LAKE TAHOE, Calif. (KRON) — A wild black bear was reportedly killed by the California Department of Fish and Wildlife after it clawed a woman in the face as it was trying to escape from her North Lake Tahoe home.
The Placer County Sheriff’s Office described the June 16 incident as a “bear attack” in “broad daylight.”
“The victim left their front door open, and the bear walked into the home while the victim was outside,” the Sheriff’s Office wrote. When the woman returned home, she came face-to-face with the bear. The bear “scratched the victim’s face and knocked them to the ground,” the Sheriff’s Office wrote.
The woman received medical care at a hospital and is expected to be OK, deputies said.
According to the Lake Tahoe BEAR League, the woman’s neighbors saw her periodically feeding wild bears and coyotes around her house in the months leading up to the incident.
“A person was observed, by her neighbors, repeatedly tossing food out her doors for the bears and coyotes. Many people tried to stop her from doing this but were not successful. (She) was seemingly not comprehending the consequences of her actions,” the BEAR League wrote.
Bear advocates took issue with the Placer County Sheriff’s Office describing the incident as a “bear attack,” and pointed out that the bear was only trying to escape from its face-to-face surprise encounter with the homeowner.
BEAR League founder Ann Bryant said if a bear truly “attacked” a person, the person would not survive.
Bears make “bluffs,” such as charging or swiping with their paws, to make defensive escapes. Law enforcement, state wildlife officials, and the media have often reported a “bluff” incorrectly as a “bear attack,” Bryant said. “If it was a ‘bear attack,’ the person would be dead. I’ve never seen an attack. I’ve seen a lot of bluff charges. They will stomp on the ground, huff, spit, and come charging at you. It has happened to me many times,” Bryant said.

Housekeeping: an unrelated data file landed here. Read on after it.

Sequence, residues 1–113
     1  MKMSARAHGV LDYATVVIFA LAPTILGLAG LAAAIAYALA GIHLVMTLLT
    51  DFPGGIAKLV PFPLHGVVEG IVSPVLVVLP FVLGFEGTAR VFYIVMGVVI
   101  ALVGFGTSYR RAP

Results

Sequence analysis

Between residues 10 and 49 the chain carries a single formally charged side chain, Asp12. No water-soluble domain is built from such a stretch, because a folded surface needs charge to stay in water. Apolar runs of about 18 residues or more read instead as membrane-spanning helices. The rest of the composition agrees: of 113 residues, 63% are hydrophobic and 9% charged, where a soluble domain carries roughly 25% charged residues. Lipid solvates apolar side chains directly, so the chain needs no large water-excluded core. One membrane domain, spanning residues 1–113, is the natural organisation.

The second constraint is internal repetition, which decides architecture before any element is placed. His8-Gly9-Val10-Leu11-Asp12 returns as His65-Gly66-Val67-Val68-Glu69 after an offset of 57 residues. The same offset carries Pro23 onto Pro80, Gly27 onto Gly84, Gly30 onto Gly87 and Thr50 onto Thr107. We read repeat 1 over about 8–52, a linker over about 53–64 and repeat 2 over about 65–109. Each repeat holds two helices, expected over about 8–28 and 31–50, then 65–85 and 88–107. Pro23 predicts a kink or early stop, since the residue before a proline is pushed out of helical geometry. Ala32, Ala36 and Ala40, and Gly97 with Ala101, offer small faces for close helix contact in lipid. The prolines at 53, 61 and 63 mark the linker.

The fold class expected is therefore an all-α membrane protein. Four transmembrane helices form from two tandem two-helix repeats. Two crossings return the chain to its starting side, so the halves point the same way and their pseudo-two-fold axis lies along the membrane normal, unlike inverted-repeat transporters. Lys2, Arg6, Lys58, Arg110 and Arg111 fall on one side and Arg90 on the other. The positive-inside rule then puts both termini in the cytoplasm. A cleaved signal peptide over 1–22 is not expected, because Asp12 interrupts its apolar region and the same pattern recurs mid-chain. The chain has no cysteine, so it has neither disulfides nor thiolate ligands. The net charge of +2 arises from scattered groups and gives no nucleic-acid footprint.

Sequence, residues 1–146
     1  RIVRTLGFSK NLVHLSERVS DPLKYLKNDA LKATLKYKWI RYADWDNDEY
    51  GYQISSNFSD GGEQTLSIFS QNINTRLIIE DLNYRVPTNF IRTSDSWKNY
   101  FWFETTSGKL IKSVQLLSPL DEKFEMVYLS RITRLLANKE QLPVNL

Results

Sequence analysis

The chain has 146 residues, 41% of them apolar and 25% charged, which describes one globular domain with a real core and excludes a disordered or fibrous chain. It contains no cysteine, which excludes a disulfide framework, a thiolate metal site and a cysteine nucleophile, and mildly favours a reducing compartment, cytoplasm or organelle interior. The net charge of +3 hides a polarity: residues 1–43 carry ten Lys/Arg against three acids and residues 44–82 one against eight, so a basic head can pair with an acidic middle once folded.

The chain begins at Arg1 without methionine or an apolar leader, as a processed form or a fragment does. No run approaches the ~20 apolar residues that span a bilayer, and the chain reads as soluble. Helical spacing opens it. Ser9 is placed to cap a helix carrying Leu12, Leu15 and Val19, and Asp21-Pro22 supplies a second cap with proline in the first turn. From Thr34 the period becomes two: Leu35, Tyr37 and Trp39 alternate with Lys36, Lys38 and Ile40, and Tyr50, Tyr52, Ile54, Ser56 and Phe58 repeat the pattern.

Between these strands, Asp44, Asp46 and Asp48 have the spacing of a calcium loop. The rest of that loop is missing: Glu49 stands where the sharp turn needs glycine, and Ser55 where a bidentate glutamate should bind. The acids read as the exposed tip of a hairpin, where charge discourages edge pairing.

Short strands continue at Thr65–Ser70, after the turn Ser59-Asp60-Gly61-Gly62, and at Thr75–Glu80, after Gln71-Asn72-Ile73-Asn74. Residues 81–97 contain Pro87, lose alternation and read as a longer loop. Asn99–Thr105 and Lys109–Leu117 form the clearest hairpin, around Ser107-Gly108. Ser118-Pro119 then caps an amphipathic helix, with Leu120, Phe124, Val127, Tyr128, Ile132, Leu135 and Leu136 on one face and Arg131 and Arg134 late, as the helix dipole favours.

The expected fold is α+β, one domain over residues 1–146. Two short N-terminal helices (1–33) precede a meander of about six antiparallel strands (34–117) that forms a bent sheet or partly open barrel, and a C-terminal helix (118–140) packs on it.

Deputies said the incident exposes the importance of being “Bear Aware” and never leaving unsecured food in unlocked vehicles, homes, and campsites.
The Sheriff’s Office wrote, “BE BEAR AWARE. This is a reminder for anyone visiting North Lake Tahoe, and North Lake Tahoe residents alike: always be aware of your surroundings, and do not become complacent with ‘friendly bears’ — they are not! Bears are wild animals, and they have instincts. Bears have an extraordinary sense of smell and trust us — they WILL claw their way into anything to get to the food!”
After the woman was clawed by the bear, she called 911. Deputies found the bear up a tree near the home. The California Department of Fish and Wildlife sedated the bear and confirmed through its DNA that it was the same bear who entered the woman’s house. The bear was then euthanized, according to the BEAR League.
“The DNA matched and the poor bear was killed. The DFW supervisor was in contact with the BEAR League during this tragedy, he nor his staff like to kill bears, so he asked our help in using this case as yet another attempt to remind people NOT to Feed the Bears,” the BEAR League wrote.
People feeding bears around Lake Tahoe has led to bear deaths in past years.
Bryant said one part-time Lake Tahoe resident tossed apples out to a young bear daily. When the woman went out of town, the bear went to the neighbor’s house trying to find its daily apple. The neighbor reacted by fatally shooting the bear.
Euthanizing bears does not help decrease the number of human-bear encounters, Bryant said. “The dead bears don’t teach the (alive) bears any lessons,” she said.
Some people believe bears are “dangerous man-eating monsters. They are not. No black bear has ever killed a person in California or Nevada,” Bryant said.